Jay Weiss Institute Pathway students provided reproductive health training to Lotus House residents.
Medical students participating in the Jay Weiss Institute Health Equity Pathway recently educated women living at Lotus House Shelter about reproductive health, contraception and safe sexual experiences.
Under the supervision of Sonjia Kenya, Ed.D., M.S., M.A., assistant professor of general medicine, Director of Community Health Programs at the Jay Weiss Institute and a certified sexologist, students Alexandra Garcia and Katie Snow guided the session and provided an overview of contraception options, including the risks and benefits associated with each method. Student Chethan Ramprasad also provided education about negotiating safe sexual relationships, including a discussion on HIV testing.
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The Summer Scholars Program helped sophomore Aalekhya Reddam, an avid scuba diver, decide to pursue a career in marine science while she was still in high school.
Applications for this year’s Summer Scholars Program will be accepted until May 1, or until the program has reached capacity. Students are encouraged to apply as early as possible to reserve space in their preferred program.
Open to highly motivated high school juniors and seniors who can live on campus or commute from home, Summer Scholars offers six college credits in a dozen academic specialties — from marine science and digital media production to forensic investigation and theatre arts. As in past years, this year’s program, which will run from June 27 through July 17, will enable high school students to take college-level classes with their peers, learn time management skills, and explore South Florida on weekend excursions — while experiencing college life and learning from renowned University of Miami professors.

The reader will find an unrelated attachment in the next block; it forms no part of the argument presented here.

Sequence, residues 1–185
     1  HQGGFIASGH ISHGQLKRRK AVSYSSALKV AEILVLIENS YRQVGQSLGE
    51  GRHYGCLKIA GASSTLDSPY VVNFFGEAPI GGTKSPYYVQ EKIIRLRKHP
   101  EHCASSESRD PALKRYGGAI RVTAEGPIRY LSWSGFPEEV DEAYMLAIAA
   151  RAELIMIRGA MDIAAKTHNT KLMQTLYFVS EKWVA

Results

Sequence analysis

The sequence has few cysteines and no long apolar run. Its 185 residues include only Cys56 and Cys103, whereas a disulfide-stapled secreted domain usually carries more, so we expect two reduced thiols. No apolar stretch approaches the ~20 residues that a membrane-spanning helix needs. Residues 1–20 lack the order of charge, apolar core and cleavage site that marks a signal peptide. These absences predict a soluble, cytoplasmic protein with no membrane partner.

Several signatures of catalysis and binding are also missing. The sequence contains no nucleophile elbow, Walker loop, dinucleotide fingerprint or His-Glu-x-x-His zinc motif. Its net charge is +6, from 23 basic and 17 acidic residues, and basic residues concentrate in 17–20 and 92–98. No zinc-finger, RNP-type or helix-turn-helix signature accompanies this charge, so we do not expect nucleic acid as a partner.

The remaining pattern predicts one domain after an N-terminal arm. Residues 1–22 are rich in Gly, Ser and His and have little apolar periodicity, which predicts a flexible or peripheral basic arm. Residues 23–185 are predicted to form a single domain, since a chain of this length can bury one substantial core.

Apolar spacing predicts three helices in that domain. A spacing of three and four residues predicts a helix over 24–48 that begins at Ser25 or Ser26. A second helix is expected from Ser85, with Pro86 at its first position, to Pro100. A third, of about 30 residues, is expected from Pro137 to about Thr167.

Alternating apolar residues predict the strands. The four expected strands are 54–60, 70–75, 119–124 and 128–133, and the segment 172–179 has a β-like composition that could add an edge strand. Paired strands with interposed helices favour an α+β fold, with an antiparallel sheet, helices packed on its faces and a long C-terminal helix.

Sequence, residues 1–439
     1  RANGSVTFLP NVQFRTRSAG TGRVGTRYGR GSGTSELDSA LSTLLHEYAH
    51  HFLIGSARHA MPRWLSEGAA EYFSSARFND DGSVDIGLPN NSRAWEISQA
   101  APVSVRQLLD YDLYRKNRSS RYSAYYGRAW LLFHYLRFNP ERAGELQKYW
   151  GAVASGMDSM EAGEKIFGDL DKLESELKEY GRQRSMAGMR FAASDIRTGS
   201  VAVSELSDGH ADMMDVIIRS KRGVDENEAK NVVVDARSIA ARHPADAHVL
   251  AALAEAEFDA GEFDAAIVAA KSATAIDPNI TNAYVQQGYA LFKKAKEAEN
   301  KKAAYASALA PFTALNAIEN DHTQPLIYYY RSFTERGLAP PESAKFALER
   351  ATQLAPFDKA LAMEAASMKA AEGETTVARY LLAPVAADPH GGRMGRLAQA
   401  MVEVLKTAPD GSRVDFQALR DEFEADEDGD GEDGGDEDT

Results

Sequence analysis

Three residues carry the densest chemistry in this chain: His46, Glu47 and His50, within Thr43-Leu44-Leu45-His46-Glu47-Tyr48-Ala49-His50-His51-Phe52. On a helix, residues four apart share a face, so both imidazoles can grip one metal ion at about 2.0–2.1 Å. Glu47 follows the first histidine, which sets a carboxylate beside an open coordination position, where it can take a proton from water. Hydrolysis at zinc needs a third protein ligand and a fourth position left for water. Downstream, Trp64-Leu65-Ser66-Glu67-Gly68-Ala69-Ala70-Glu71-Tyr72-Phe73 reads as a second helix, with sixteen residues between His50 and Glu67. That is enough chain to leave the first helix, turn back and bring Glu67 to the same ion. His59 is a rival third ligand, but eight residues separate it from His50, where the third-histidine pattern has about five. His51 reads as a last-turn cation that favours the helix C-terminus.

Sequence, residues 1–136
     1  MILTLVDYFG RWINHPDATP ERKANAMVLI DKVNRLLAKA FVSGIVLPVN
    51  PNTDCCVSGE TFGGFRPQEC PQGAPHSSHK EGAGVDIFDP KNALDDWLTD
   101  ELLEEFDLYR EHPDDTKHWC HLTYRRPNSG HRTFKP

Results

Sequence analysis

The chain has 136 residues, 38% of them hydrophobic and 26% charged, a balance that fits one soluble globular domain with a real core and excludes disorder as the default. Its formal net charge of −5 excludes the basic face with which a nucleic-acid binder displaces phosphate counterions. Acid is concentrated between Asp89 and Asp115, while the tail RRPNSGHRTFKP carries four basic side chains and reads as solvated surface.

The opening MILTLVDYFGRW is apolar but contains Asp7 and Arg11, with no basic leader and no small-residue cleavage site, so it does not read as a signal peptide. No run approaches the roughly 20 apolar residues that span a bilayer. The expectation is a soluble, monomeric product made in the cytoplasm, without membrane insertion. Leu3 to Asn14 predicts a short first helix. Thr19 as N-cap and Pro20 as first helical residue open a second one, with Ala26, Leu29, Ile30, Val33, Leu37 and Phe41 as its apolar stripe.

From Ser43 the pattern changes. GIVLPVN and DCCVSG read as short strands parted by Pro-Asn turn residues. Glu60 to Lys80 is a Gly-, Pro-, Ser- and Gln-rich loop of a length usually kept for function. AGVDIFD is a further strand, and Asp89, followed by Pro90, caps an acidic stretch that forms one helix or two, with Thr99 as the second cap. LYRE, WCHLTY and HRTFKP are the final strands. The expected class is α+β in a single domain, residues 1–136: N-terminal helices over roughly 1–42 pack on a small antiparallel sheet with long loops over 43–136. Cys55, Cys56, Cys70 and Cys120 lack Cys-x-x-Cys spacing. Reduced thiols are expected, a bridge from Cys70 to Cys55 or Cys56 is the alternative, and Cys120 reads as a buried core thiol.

Read more about the Summer Scholars Program »
In honor of National Mental Health Awareness Month this May, the National Alliance on Mental Illness (NAMI) and the University of Miami Miller School of Medicine will host “STOP the Stigma: A Mental Health Summit” on Saturday, May 2, from 8 a.m. to 4:30 p.m. at University of Miami Hospital’s Seminar Center. The event is free and open to families, professionals and those living with mental illness.
Read more about STOP the Stigma: A Mental Health Summit »
It’s more fun to work in teams, so if you are passionate about bettering the environment and willing to help make your workplace more sustainable, why not form a Green Team with like-minded coworkers? Green U provides the resources and training to help Green Teams identify priorities and projects — from reducing paper, collecting coffee grounds, seeking green lab certification, creating ECO art exhibits, promoting local food consumption, or — you decide!